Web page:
Next, they traveled to the Port of Los Angeles and did guard duty while waiting for a troop transport ship to take them to the South Pacific. Their ship turned out to be a luxury liner, the USS America, which had been commandeered by the Navy for war use.

“It was a very fast ship, so it sailed alone,” he said, adding that the ship carried 7,600 soldiers, including a deck of nurses and another with officers.

The ship landed at a naval base on the southern tip of New Guiney, near the village of Gamadodo. American armed forces were neutralizing Japanese soldiers on the north end of the island, and the Seabees soon followed, moving to Hollandia, New Guiney.

The day they arrived, there was some excitement when a Japanese kamikaze pilot flew his plane into barrels of fuel the Americans had stacked on the beach and blew them up.

Wallan explained that the Seabees did heavy engineering and building in combat zones. “In New Guiney, we built hospitals and air strips, and strings of monstrous metal containers to use for landing on islands,” he said. The landing ships would drop the containers in the water and then use them like a loading dock.

Wallan was a boatswain’s mate second class. If no officer was around, he would direct the work crew, “like a foreman on a job,” he explained.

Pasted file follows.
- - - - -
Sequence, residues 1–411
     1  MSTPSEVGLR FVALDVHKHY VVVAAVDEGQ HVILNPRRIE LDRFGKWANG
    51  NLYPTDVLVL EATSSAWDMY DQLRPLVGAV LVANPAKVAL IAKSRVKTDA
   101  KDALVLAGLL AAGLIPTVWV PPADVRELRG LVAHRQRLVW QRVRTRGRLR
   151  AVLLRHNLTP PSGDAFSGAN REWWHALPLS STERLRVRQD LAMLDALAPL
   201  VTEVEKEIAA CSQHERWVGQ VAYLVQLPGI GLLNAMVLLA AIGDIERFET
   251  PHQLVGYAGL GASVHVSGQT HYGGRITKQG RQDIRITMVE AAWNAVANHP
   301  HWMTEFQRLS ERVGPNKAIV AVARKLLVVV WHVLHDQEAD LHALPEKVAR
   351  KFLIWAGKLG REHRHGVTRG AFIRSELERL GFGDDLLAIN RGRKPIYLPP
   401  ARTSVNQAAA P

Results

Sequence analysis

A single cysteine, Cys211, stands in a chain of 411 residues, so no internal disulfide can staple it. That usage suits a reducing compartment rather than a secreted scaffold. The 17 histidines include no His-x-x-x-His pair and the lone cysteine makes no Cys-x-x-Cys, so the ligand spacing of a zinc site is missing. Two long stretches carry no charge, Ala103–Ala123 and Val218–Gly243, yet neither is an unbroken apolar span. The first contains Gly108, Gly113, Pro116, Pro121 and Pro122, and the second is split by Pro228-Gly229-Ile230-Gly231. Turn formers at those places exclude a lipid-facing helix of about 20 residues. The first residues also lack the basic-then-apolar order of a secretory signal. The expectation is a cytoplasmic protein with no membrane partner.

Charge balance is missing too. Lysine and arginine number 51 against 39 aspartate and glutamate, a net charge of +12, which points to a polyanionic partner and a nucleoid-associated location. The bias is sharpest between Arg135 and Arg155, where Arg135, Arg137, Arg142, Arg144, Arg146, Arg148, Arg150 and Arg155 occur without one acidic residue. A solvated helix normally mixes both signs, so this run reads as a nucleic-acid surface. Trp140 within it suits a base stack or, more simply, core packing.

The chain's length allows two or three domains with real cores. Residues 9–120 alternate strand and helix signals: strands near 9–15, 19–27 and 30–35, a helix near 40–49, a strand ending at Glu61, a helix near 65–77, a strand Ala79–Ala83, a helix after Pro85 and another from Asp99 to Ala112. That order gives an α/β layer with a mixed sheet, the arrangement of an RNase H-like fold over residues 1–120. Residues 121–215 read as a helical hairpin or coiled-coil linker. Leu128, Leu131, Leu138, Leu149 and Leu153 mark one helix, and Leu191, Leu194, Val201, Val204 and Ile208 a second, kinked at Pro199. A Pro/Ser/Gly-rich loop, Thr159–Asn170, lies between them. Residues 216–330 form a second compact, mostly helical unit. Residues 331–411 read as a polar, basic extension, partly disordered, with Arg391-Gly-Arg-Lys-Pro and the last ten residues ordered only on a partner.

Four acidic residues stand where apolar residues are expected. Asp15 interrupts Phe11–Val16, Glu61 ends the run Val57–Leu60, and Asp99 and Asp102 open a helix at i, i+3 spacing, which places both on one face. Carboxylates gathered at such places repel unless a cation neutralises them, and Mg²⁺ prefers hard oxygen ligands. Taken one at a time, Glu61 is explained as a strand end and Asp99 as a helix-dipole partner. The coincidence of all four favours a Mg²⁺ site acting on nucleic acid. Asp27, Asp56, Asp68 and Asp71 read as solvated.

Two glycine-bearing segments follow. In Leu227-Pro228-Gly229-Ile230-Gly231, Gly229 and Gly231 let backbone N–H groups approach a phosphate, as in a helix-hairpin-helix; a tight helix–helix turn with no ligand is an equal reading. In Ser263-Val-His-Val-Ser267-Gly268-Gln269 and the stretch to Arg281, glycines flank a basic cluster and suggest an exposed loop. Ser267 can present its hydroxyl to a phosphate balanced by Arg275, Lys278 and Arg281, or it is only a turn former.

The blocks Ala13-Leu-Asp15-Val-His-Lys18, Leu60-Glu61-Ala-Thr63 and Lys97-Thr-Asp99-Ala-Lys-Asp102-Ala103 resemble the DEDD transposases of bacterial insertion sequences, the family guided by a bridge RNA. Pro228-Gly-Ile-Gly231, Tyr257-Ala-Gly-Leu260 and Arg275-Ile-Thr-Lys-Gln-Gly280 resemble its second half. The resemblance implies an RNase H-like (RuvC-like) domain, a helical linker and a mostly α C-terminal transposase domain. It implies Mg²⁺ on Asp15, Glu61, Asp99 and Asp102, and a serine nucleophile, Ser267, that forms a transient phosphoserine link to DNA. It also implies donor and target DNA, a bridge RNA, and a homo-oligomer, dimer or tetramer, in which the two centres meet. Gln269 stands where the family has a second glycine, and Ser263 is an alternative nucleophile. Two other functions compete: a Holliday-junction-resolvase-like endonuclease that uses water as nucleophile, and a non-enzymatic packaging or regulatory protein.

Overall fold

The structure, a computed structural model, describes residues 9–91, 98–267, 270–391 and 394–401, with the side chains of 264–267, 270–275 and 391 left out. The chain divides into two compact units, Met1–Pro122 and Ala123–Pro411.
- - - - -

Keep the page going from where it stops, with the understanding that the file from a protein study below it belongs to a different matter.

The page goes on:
In Hollandia, they tripled the size of the military hospital and built an air strip, along with camps for a Navy admiral and Army general.

“While we were there, the troops were fighting on a lot of the smaller islands, hip hopping around and cleaning up several Japanese bases,” Wallan said.

Helmer Wallan, right, and his brother Luvern.When that project was done, the Seabees started loading for the invasion of the Philippines. Their heavy equipment and trucks were loaded onto LSTs (landing craft for tanks) and Wallan said there was no room for the men to sleep but in the truck beds, or under the trucks.

“We had several bombing and air attacks from Japanese kamikazes on the way to the Philippines, and two or three ships were hit,” he said.

The Seabees were the second or third wave of military to land on the beaches of Manila in the Philippines. “When we came into the harbor, there were signs of battle all over. Army Air Force parachutes were hanging on the rocks. The soldiers left them there because they didn’t have time to retrieve them,” Wallan said.

“The area was pretty well cleaned up. But the bridges were damaged and (the Japanese) had destroyed everything they could,” he said of the fleeing enemy forces. Several young men he went to school with in Bend were lost during the fighting in Manila.

“We set up a camp in Paniqui and got the roads and bridges rebuilt and repaired, and worked on one of the hospitals. We also did a lot of transporting because we had trucks,” he said.